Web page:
Riding the Data Waterfall
Our new streaming analytics engine.
As promised, I am going to spend the next few posts discussing some of the new features in our analytics framework, otherwise known as PAF. This is our largest and most complex release so far. We are very proud of it—both in how far the framework has come and how closely it matches our vision of what a world class analytics system would look like when we started the company a few years ago.
One of my favorite features, and certainly the biggest change in this release, is that our analytics engine is now completely streaming based. I think that this, along with our improved ad-hoc analysis support, is going to improve our customers’ day-to-day to experience with both calculating and using analytics in their businesses.
I will describe the new features more fully and how they are implemented in more detail in a later post, but first some background on batch versus streaming analytic systems (if you are a geek, most of this will be familiar to you).
For analytic purposes, batch processing is simply the aggregation of data into a single batch, aka a “job,” that will all be analyzed at one time. Typically, batch systems won’t allow you to see partial results so you have to wait until the analysis of the entire job is done before you can view/act on the results. A good example of a typical batch process is a retailer taking all of their orders for the week and then calculating sales performance across the world.
On the other hand, streaming analytic engines like PatternBuilders, analyze data as it arrives and make results immediately available to the user. This means that analytics are available as quickly as the data received can be loaded into the system. Streaming analytics are also called real-time analytics – before the purists start yelling, yes, I know these systems are not real-time by the classic definition but enough marketing folks have used the term in this context to make it stick. Probably the most famous use of streaming analytics is the real-time (there it is again) stock ticker applications used on trading desks. Streaming analytics are very useful when you need information quickly but have a downside since analysis is never “done” which means you may get misleading interim results.
Batch processing has been the most common approach to analytics for a number of reasons:
- It works well for a lot of problems.
- It is a lot easier to code than streaming systems.
- For some domains where the analytics aren’t time series based, it is the only practical approach.
Batch systems also have some serious downsides, especially in a world where digital devices are outputting data 24/7 and organizations have an ever growing need to both analyze that data and react quickly to what they learn from it. The most common complaints:
- No partial answers – you have to wait for the entire batch to finish. For big batches this can take a lot of time.
- Hardware requirements – because they process everything at once, batch systems typically require more hardware (such as memory, disk and CPU) than streaming systems which can process a transaction and then throw it away.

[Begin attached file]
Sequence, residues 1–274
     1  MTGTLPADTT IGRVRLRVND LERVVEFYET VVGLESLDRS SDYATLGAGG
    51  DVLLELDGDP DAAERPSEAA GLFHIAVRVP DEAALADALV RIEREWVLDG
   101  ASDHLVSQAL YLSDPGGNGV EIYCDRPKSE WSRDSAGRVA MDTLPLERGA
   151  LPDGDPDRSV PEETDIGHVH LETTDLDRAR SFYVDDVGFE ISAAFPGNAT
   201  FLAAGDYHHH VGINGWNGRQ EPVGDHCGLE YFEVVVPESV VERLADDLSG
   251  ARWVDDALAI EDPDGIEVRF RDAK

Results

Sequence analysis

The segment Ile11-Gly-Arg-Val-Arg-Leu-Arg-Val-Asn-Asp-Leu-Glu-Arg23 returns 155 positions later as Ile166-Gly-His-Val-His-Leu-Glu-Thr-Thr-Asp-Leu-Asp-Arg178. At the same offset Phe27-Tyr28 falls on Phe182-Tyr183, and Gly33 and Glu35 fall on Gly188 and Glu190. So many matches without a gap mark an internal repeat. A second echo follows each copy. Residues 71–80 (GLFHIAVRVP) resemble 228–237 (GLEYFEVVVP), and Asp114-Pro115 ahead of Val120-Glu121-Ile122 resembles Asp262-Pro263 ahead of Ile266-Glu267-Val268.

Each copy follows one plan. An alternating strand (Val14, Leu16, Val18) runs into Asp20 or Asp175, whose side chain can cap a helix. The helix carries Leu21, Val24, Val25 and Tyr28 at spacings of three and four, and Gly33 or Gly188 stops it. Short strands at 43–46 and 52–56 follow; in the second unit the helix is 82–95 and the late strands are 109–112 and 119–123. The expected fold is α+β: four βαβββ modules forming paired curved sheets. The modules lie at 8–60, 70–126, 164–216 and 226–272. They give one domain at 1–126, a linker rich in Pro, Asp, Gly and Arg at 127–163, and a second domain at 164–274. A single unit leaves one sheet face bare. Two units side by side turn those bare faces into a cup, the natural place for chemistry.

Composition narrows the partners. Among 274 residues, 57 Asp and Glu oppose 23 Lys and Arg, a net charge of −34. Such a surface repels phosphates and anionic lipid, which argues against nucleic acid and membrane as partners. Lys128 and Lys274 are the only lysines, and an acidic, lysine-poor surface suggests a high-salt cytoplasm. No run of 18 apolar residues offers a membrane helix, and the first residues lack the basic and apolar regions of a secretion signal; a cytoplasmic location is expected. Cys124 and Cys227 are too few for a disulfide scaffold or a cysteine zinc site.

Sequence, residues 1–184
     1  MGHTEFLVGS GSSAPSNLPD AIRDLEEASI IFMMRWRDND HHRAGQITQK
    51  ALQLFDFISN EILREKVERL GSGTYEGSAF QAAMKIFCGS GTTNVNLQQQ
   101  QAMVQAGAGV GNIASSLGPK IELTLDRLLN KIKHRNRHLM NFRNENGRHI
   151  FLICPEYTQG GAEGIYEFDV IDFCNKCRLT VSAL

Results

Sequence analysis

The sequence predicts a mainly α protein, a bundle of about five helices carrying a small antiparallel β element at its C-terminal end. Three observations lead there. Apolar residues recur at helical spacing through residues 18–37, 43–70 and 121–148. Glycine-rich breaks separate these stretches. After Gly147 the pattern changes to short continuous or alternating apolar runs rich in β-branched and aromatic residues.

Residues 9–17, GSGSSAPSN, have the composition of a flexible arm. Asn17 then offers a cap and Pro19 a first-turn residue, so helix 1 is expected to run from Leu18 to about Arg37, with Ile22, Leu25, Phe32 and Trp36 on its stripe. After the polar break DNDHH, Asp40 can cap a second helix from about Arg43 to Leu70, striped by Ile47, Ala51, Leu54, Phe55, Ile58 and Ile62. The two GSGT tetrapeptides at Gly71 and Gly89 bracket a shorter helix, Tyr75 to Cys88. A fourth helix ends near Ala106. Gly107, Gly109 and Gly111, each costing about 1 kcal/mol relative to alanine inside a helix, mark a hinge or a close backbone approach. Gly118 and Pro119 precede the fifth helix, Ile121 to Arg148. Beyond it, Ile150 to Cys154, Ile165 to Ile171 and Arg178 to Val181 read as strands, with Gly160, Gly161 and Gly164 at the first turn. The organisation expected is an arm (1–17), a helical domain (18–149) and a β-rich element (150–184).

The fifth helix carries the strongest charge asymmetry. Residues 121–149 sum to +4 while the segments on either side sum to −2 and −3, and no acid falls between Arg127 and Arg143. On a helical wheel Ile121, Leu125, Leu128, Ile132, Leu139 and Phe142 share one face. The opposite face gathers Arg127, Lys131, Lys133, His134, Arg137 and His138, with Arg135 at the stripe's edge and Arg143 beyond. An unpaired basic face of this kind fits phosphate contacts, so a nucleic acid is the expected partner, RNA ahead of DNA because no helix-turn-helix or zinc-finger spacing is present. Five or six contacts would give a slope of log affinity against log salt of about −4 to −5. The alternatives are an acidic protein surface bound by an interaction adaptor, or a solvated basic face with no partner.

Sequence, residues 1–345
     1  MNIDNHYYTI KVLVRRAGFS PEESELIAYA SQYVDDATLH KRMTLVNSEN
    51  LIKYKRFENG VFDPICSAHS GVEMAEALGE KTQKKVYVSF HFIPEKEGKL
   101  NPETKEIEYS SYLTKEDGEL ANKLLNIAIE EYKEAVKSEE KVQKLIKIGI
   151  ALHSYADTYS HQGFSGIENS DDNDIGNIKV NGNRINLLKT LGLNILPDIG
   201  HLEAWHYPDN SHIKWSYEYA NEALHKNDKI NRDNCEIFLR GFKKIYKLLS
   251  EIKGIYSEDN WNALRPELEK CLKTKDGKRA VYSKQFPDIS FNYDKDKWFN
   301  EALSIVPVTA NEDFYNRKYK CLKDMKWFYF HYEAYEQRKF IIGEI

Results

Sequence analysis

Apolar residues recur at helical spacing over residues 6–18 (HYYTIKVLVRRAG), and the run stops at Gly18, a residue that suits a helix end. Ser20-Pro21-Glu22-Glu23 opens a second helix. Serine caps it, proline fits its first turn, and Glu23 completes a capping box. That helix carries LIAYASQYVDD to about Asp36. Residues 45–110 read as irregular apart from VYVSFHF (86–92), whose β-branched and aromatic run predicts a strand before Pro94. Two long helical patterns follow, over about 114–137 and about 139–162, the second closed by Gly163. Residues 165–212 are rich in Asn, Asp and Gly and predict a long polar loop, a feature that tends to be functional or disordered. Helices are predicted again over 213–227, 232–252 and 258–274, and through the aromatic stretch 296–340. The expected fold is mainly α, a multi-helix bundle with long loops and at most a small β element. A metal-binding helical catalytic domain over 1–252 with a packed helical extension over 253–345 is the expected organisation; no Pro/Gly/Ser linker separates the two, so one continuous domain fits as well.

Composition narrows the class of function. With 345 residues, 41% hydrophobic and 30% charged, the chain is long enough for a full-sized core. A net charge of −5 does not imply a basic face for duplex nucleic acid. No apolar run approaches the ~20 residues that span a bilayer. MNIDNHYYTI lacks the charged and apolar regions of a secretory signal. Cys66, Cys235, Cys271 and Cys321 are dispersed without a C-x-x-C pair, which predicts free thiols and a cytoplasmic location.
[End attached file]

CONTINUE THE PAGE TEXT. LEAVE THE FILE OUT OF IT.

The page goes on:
- Limited ad-hoc capabilities (more on this later).
- All or nothing – Any change in the data usually requires the entire batch to be recalculated.
There are some great analytics systems out there built for batch processing with the best being Hadoop, a very powerful, but also very complex, open source solution. (They also have the coolest logo in the industry.) At the core of Hadoop is the Google algorithm known as MapReduce. A very good description of MapReduce can be found in Ayende’s blog.
MapReduce can be used for any batch based calculation, not just analytics. Hadoop has a lot of users at media companies and websites, like Facebook, that use it for image and video processing among other things. Interestingly enough, Google has recently abandoned MapReduce for a more stream-based approach so they can incrementally update their index instead of recalculating it. That and the fact that streaming is a better fit for supporting ad-hoc analytics was the major reason that we switched as well.
One of the major drawbacks of MapReduce, or any batch based approach to analytics, is that you have to know exactly what you want to analyze before you start the job and then wait for the job to finish.
Because of this, batch systems do not lend themselves to ad-hoc analysis. MapReduce in particular has very specific constraints on how both the Map and Reduce functions must be structured. This can make it very difficult to specify your problem in a natural way.
In contrast, our system’s scripting language has no such structural constraints other than the requirement that any analytics function must return a numeric result. This simplicity in specification, combined with the fact that our engine is streaming, allows you to quickly create an analysis even while data is loading and get immediate results. The power this gives you to do ad-hoc and root cause analysis quickly has to be seen to be believed. The other nice thing about streaming systems is that you can easily emulate a batch system if transient results don’t make sense for your particular problem. You simply submit all your data at once and wait for it all to process.
Entry filed under: Data, General Analytics, PatternBuilders Technology, Technology. Tags: analytic systems, batch processing, Hadoop, MapReduce, PatternBuilders Analytic Framework, real-time analysis, streaming analytics, Technology.